Please note that under certain circumstances, the 2014 format could be applied to drugs which may otherwise be outside of the scope described for the phased implementation. In these cases Health Canada will notify the sponsor.

7. What if my product is not included in the scope of either Phase? Can I submit my PM in the new format anyway?

The implementation plan is designed to give industry the time to update their documents and to facilitate performance targets for review of the new format in an organised and efficient manner. Each phase will be assessed to consider whether the requirements should be expanded to other submission types.

8. How do I know if my wording is suitable?

The target reading level is Grades 6 to 8 and there are tests and resources available online and in libraries which evaluate text information. The Flesch-Kincaid, Fry Graph Readability Formula and SMOG (Simple Measure of Gobbledygook) are a few health literacy tools which sponsors can use to test their revised information.

9. Are there any tools or references on plain language writing?

The Canadian Public Health Association website is a good source of information on health literacy, including plain language writing, and includes links to reference documents such as Good Medicine for Seniors: Guidelines for Plain Language and Good Design in Prescription Medication.

10. What if my PM is not in the 3 part format?

Only products within the scope indicated in the implementation notice, are affected by the revisions to the Patient Medication Information section, at this time.

11. What if my product is currently on the market?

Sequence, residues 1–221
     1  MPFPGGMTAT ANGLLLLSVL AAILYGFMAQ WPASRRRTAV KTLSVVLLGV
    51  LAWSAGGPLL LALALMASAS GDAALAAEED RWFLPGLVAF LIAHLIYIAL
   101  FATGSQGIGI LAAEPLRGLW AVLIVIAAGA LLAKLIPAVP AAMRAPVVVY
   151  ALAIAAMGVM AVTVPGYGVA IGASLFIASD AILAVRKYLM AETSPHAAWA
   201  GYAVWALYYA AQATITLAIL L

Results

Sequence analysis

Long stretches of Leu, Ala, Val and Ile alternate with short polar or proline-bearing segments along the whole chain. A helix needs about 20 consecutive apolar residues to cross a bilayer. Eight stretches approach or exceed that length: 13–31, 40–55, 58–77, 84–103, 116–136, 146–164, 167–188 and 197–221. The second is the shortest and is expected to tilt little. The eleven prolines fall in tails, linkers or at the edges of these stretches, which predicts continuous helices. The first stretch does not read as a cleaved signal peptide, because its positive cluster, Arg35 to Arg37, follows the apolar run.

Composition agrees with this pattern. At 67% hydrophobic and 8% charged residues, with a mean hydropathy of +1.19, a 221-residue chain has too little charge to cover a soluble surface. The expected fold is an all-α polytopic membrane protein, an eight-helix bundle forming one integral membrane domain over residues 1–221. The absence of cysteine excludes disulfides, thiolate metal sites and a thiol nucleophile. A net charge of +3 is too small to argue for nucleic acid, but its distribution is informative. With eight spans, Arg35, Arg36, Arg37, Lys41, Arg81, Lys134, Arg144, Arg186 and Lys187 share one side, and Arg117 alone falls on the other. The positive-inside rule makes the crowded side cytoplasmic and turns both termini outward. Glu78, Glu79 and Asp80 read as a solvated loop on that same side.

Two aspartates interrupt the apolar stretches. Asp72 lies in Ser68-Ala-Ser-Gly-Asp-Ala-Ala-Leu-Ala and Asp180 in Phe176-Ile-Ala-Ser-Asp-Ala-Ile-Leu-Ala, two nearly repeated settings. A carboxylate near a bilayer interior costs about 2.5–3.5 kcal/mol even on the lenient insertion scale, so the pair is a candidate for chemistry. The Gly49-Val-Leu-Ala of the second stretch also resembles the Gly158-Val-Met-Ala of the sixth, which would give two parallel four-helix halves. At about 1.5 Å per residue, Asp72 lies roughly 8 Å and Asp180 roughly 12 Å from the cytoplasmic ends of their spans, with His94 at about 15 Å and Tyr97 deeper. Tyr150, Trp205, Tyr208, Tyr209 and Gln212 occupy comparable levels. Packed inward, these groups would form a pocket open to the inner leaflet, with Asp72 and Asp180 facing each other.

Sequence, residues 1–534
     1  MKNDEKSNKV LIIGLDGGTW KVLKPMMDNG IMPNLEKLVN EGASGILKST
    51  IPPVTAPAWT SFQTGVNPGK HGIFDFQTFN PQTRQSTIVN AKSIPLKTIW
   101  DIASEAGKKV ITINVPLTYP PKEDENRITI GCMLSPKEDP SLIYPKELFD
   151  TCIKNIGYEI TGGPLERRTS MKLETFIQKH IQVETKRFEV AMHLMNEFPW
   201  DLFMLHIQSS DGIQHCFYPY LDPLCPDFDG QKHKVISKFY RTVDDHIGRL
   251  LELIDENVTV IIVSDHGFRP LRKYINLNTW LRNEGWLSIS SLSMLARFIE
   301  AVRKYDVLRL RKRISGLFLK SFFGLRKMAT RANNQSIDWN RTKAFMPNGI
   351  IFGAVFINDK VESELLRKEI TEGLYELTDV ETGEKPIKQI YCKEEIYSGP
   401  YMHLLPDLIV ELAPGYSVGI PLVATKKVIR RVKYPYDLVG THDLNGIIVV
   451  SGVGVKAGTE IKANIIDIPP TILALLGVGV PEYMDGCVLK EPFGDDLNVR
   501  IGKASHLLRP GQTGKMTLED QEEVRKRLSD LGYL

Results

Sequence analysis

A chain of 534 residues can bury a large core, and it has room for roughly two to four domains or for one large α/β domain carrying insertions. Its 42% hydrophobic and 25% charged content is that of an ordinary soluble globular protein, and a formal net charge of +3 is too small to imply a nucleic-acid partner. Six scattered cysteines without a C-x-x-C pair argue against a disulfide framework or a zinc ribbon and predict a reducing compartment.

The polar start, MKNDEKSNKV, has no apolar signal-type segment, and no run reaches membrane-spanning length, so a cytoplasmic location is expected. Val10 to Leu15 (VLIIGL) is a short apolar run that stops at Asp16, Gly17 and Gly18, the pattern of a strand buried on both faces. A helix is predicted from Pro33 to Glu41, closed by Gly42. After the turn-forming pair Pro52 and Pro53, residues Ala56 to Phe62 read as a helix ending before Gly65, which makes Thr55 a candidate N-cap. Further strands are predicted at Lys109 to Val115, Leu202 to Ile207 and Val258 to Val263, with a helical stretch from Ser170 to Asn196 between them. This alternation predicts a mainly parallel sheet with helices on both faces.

Products which are currently available in the Canadian marketplace are not included in the revisions to Patient Medication Information at this time. Please note that under certain circumstances, the 2014 format could be applied to drugs which may otherwise be outside of the scope described for the phased implementation. This may include products that are currently available in the Canadian marketplace.

12. What if I am in the submission queue on the implementation date?

Products which are under review but do not have a decision at the implementation date are exempt from the revisions to the Patient Medication Information section.

13. Does the 2014 format apply to administrative submissions?

PMs filed with administrative submissions should match the format of the referenced PM.

14. Why has the rest of the PM not been changed?

The remaining sections of the Guidance to Industry: Product Monograph (Part I: Health Professional Information and Part II: Scientific Information) will be revised in the near future. A broad consultation will take place prior to implementing any changes. Although the audience for these sections is health professionals, plain language revisions are still appropriate but may be applied differently from those intended for the general public.

15. Where can I get more information about the Product Monograph?

Questions regarding the guidance document should be directed to:

Bureau of Policy, Science and International Programs
Therapeutic Products Directorate
1600 Scott Street
Holland Cross, Tower B
2nd Floor, Address Locater 3102C5
Ottawa, Ontario
K1Y 4N7
Facsimile:  613-941-1812
E-mail: Policy_Bureau_Enquiries@hc-sc.gc.ca

Questions regarding submissions should be directed to the Office of Submissions and Intellectual Property via email at OSIP-BPPI@hc-sc.gc.ca.